Granada: You’d think we’d be sick of pretty colonial towns by now, but I’m not. Granada – with its painted plaster frontages and terracotta tiled roofs, the multiplicity of churches, its regularity of broad avenues and grand central plaza – is Nicaragua’s jewel. Architecturally, it can’t hold a candle to, say, Cartagena in Colombia or Sucre in Bolivia, but it has its own Central American vitality and Bohemian charm – and the easy mix of local and foreign is pretty seductive.
Money is being pumped into this little town, restoring some of its former grandeur from its days as an important trading city with links via Lake Nicaragua and the San Juan river to the Atlantic Ocean and Europe beyond. Buildings on the main square have had a fresh lick of paint, the smarter residences have been turned to hotels and restaurants, boutiques blossom and tourists linger.
Just two blocks from the gentrified main square, things deteriorate dramatically. The pavements disappear under spilling market stalls, sleeping drunks, squatting homeless families and the general detritus of urban life. Here, prostitutes gather to chat before their commute to the tourist zone, ‘glue-heads’ (kids addicted to sniffing intoxicating glue) sleepwalk the street like zombies before passing out in a doorway, country folk bring their wares to market on a horse-pulled cart, dogs bark and shit, toothless old women rock back and forth watching everything from rocking chairs on the street. It becomes, in short, the developing world again.
Nicaragua is the second poorest country in the Western hemisphere, but it’s on the up. Its relative safety (crime is much lower here than in any of its neighbours), natural beauty and affordability are starting to bring tourists and investors to the country. It’s still early days in the nation’s stability and much depends on the outcome of elections later this year (11 November): if they pass off without violence, the investors will stay.
We stay in a beautiful guesthouse recently opened by Gerry, an Irish poet, who introduces us to the expat community. True to form, the expats are an oddball mixture of the interesting and the pathetic – people who one feels would struggle to fit into society back home, but who by dint of their foreignness, money and experience of ‘working the system’ have carved a very visibly comfortable niche for themselves here. Many are escaping some dodgy past/present situation, from tax evasion to drug trafficking. Most are alcoholics or have some other dependency, and their numbers are boosted by the new gringo exodus from Costa Rica and Panama, which have become too expensive (and dangerous) for those eeking out a military pension on drugs, booze and prostitutes. Nicaragua is cheaper. A prostitute can be just $5 a night here.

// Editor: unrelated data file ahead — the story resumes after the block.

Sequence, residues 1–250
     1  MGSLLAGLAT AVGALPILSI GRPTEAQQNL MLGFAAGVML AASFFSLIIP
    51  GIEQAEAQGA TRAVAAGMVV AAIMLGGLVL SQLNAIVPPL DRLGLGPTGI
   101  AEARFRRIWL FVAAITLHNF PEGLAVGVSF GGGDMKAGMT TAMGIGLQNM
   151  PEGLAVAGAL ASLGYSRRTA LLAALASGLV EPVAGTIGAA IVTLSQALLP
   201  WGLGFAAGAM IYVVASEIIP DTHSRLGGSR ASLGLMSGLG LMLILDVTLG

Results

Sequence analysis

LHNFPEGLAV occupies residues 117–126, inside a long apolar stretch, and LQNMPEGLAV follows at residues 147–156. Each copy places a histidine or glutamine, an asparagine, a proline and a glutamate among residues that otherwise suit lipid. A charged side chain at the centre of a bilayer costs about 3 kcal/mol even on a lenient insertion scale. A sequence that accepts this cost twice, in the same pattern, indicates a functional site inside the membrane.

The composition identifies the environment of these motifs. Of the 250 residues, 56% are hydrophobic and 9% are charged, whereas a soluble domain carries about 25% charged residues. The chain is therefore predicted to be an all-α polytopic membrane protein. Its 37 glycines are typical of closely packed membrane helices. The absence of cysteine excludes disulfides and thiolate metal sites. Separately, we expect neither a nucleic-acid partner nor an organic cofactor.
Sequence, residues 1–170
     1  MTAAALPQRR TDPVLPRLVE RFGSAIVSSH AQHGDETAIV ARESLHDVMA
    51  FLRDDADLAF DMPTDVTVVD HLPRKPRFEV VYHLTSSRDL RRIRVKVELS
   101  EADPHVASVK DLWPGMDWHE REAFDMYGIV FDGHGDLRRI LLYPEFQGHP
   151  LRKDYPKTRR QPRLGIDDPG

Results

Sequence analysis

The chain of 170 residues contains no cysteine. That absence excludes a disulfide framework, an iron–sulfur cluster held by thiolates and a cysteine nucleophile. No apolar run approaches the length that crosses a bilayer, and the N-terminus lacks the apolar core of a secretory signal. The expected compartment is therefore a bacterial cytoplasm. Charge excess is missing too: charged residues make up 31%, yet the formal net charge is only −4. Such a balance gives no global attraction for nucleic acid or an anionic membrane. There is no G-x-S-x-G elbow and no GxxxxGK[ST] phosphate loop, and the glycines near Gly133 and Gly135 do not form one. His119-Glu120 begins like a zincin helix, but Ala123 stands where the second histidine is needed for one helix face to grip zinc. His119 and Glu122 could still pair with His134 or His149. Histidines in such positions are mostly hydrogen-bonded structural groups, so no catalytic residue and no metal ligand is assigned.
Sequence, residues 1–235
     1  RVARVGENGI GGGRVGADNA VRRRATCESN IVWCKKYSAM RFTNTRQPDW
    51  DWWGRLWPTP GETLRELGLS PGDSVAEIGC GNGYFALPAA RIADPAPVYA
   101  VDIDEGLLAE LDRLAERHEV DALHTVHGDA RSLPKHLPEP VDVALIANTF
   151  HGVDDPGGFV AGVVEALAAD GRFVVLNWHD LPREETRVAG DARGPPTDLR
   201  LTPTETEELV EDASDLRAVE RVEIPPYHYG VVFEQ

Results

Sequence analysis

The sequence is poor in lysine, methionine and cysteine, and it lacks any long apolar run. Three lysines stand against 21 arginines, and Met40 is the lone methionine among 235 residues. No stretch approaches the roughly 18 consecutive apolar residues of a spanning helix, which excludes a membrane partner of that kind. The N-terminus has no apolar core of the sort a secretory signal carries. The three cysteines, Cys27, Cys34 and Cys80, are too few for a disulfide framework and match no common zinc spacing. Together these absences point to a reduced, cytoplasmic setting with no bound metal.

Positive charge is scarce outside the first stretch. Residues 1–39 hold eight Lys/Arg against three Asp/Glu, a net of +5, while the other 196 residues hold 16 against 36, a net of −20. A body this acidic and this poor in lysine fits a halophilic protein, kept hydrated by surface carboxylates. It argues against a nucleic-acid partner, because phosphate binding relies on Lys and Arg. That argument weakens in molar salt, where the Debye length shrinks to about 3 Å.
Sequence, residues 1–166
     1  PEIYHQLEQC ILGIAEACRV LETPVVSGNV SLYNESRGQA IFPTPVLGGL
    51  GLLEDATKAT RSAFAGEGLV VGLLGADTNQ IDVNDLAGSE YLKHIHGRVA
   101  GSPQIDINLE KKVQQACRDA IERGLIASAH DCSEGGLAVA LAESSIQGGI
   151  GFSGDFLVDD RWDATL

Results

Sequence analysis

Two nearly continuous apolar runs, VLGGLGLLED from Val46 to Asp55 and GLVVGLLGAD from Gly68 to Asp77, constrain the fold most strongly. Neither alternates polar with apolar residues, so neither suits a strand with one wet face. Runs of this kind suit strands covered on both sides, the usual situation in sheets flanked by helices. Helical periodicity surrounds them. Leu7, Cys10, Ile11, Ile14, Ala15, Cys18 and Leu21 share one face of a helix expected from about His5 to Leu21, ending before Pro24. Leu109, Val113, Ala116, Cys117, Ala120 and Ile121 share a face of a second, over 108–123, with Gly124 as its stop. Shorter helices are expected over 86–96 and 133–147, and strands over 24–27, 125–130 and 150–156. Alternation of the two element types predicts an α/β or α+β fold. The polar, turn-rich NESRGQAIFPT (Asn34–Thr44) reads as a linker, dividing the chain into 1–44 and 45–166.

Gerry is not into any of that. When he bought the guesthouse last year, he began the slow process of evicting the longtime gringos and their prostitutes. It’s brought him respect among the local residents, but the gringos are unhappy. A recent crackdown on underage prostitution here is also giving those gringos that live in Costa Rica and just come here for sex tourism trips second thoughts about moving here.
We join Gerry for a drink at the O’Shea’s Irish Pub with a selection of his mates, who have names like Jimmy Three Fingers. They’re mostly a nice, well-travelled bunch. Lou, an American from New Jersey, is a smart relatively recent émigré with a great dry sense of humour. He moved here 6 months ago after spending years living in Asia, and has set up an online newspaper for the expat community. Others run bars and tour companies. Few speak good Spanish despite living here for years.
We take a trip to Masaya volcano, an active lava burp less than an hour away. Nicaraguans, like all Central Americans are unaccountably proud of their volcanoes, considering the devastation and deaths they regularly cause, featuring them on their flags, bank notes and poetry. This one has no visible lava but much acrid smoke, which we admire from the crater rim. In the grim, all-too-recent past, the Contras and Sandinistas took to elaborately murdering their opponents by dropping them from helicopter into the fiery Masaya crater.
By the time return to Granada it’s evening. Kids are hustling, glue-sniffing or, my favourite, breakdancing for tips. Some are brilliantly skillful. We eat at a new place, run by a couple of young gay Californians. The new expats are a different breed entirely. Many contribute to the local economy, they help farmers and cooperatives manage productive farms, run charitable ventures helping street kids or training local employees (unemployment is at 70% in Nicaragua), and they recycle their waste.
Before we notice, we’ve been here a week.